To learn more about DNSA, and how to get a free trial subscription, visit our website.

Weekend Read: Guatemalan Judge Orders New Trials Based on Death Squad Dossier, Obtained by NSArchive

May 20, 2022

By Claire Harvey 

Exactly 23 years ago on May 20, 1999, the National Security Archive published the “Diario Militar”, a detailed document also known as the “Death Squad Dossier” that was smuggled out of Guatemala. The unique document, whose release the Archive announced jointly with the Washington Office on Latin America, the American Association for the Advancement of Science, and Human Rights Watch,  describes atrocities committed by the Guatemalan military during an 18-month period of the country’s protracted civil war. Two decades later, the document is still making an impact – on May 6, 2022, Guatemalan judge Magistrate Miguel Angel Galvez, using documentation from the “Diario Militar”, ruled that nine former military and police officers will stand trial for civil crimes committed during the war

The individuals who will now stand trial are implicated for civil crimes by the positions they held between 1983-1986. Magistrate Galvez also ordered prosecutors to find the former head of military intelligence, Toribio Acevedo, who was subsequently arrested on May 10, 2022, at Panama City Airport. Since the May 6, 2022, ruling, AP reports that Magistrate Galvez has received multiple death threats. 

The historic act of transitional justice (which addresses massive human rights violations) builds on documentation from the “Diario Militar”, or Death Squad Dossier. The Dossier served as a ledger of sorts for Guatemalan military and intelligence units to record death squad operations between 1982 and 1985. The 54-page document was smuggled from Guatemalan army intelligence files and chronicles the kidnapping and disappearances during the height of the conflict, and includes photos of the victims and coded references to the executions of scores of Guatemalan citizens. The document offers a snapshot of how the Guatemalan military used assassination, torture, and abduction to terrorize the Guatelaman left throughout Guatemala’s civil war, which lasted from 1960 to 1996. By the time peace accords were signed in 1996, it is estimated that 160,000 people were killed and another 40,000 were “disappeared” by Guatemalan security forces. 

In the 23 years since the document was published, families of the disappeared have repeatedly called for investigations into the crimes outlined in the document and searches for their loved ones’ remains. Their efforts were aided when further documentation of the Guatemalan security forces crimes was discovered in 2005, when Guatemalan police, following complaints about improperly stored explosives in a long-neglected munitions depot in Guatemala City, found 75 million pages in file cabinets marked “disappearances” “assassinations” and “homicide”. The documents, long abandoned and in an advanced state of decay, are discussed in the Archive’s November 21, 2005, post, “The Guatemalan Police Archives.”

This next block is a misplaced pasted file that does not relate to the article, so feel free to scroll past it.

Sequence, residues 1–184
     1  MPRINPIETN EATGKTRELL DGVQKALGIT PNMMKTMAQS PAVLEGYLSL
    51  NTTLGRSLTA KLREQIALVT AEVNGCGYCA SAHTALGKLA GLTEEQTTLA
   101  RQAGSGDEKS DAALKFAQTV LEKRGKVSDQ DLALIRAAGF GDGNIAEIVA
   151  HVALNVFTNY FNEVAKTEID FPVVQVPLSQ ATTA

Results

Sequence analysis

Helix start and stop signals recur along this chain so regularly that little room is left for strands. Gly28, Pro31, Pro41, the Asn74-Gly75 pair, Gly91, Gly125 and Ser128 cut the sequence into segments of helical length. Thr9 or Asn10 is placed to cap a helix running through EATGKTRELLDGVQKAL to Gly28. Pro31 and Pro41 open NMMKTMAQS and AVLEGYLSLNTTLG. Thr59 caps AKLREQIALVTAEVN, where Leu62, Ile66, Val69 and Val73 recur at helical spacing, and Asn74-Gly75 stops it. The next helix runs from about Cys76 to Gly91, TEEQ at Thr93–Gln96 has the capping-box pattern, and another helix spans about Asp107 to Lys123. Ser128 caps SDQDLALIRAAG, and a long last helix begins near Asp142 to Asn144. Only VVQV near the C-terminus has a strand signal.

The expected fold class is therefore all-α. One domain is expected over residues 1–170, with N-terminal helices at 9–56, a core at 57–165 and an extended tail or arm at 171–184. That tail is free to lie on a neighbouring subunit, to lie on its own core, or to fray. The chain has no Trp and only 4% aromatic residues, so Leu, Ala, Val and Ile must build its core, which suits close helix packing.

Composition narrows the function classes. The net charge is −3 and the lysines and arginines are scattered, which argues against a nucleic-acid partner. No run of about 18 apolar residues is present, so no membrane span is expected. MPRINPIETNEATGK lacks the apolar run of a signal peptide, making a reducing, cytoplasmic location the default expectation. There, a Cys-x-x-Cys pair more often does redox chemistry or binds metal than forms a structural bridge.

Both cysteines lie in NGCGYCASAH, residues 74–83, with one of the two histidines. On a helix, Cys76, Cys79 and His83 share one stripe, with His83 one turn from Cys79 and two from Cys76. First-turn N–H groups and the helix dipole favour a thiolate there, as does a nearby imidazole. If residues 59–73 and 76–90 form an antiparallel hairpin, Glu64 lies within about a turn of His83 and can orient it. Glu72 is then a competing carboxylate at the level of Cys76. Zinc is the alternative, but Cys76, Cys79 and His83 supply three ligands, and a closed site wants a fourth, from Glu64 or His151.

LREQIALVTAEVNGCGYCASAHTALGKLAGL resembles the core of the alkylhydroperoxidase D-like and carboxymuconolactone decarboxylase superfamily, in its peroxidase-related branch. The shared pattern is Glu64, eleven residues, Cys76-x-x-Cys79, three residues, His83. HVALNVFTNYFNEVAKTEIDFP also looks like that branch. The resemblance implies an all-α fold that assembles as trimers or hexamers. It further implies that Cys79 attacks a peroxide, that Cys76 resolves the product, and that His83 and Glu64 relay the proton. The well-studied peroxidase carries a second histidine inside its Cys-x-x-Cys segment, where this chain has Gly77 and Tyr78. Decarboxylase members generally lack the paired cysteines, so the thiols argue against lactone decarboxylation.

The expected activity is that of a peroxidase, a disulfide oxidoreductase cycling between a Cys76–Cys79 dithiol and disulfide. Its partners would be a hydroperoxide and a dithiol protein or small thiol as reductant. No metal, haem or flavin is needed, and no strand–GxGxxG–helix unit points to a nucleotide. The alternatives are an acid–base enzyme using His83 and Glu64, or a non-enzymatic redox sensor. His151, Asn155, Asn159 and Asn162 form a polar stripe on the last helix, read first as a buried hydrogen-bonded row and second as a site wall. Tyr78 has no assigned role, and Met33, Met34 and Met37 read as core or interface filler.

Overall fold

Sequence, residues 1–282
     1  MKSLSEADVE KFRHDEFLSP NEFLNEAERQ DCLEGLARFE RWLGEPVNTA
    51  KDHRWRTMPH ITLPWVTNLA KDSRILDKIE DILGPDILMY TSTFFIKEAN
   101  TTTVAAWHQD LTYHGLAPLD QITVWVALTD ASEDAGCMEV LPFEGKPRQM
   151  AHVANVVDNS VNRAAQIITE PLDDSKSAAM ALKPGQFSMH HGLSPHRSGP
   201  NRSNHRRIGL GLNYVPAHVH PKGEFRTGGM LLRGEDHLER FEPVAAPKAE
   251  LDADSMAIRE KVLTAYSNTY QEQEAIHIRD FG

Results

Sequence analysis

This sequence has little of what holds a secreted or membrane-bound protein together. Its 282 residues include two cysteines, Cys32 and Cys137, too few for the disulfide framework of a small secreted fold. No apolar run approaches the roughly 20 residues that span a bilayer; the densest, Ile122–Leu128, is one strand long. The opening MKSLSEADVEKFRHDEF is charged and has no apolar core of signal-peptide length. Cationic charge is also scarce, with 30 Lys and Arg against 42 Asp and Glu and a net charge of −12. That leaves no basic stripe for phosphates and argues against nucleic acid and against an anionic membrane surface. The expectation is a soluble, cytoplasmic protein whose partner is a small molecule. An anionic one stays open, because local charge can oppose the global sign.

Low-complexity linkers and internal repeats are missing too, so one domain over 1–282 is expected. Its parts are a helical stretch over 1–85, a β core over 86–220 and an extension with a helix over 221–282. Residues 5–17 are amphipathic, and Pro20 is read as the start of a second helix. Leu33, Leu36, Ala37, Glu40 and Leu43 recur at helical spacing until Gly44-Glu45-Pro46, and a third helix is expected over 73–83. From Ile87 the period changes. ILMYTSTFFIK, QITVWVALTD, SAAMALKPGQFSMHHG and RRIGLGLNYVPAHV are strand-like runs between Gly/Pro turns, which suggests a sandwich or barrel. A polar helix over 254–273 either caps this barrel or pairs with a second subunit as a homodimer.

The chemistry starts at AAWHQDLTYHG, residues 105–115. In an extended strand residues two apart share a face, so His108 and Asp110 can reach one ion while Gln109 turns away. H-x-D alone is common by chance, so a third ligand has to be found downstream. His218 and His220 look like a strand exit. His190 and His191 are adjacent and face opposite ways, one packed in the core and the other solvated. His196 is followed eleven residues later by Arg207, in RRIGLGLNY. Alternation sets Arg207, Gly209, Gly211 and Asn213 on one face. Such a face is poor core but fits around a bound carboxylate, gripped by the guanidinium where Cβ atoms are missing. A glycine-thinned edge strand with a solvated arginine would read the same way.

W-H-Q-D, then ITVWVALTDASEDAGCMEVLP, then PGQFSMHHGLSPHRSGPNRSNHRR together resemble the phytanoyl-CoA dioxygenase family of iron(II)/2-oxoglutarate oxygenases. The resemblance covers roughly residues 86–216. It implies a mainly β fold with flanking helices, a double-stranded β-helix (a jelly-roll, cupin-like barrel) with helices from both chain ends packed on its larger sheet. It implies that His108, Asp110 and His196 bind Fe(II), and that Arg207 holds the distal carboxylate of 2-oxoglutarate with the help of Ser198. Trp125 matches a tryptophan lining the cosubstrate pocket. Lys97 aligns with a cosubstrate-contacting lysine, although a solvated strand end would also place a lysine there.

The Dossier has helped bring justice and accountability multiple times over the years:

  • On April 25, 2012, the Archive’s Kate Doyle provided expert witness testimony before the Inter-American Court of Human Rights in the case of the Diario Militar; the testimony is published in the Archive’s  May 3, 2012, posting, “Update: The Guatemalan Death Squad Diary and the Right to Truth.” The court ultimately found the Guatemalan government responsible for the crimes outlined in the document and failure to investigate them. 

Follow upcoming Archive web postings for more details on the new trial. 

DNI Haines Reiterates that Overclassification is a National Security Threat During Senate Testimony, What NSArchive Would Have Asked Her, and Much More: FRINFORMSUM 5/12/2022

May 12, 2022
Sen. Warren addresses overclassification.

Director of National Intelligence Reiterates Overclassification a National Security Concern at Worldwide Threats Hearing 

The Director of National Intelligence, Avril Haines, and the Director of the Defense Intelligence Agency, Lieutenant General Scott Berrier, testified before the Senate Armed Service Committee this week. The hearing, which can be viewed here, featured a discussion about overclassification and pseudo-classification between Haines and Senator Elizabeth Warren. Senator Warren, whose line of questioning begins around the 1’23” mark of the video, expressed concern that the current classification system has “spiraled out of control”. Warren asked DNI Haines if she thought overclassification was a national security problem, to which Haines, who authored a letter to Senators Ron Wyden and Jerry Moran earlier this year on the dangers of overclassification, readily agreed.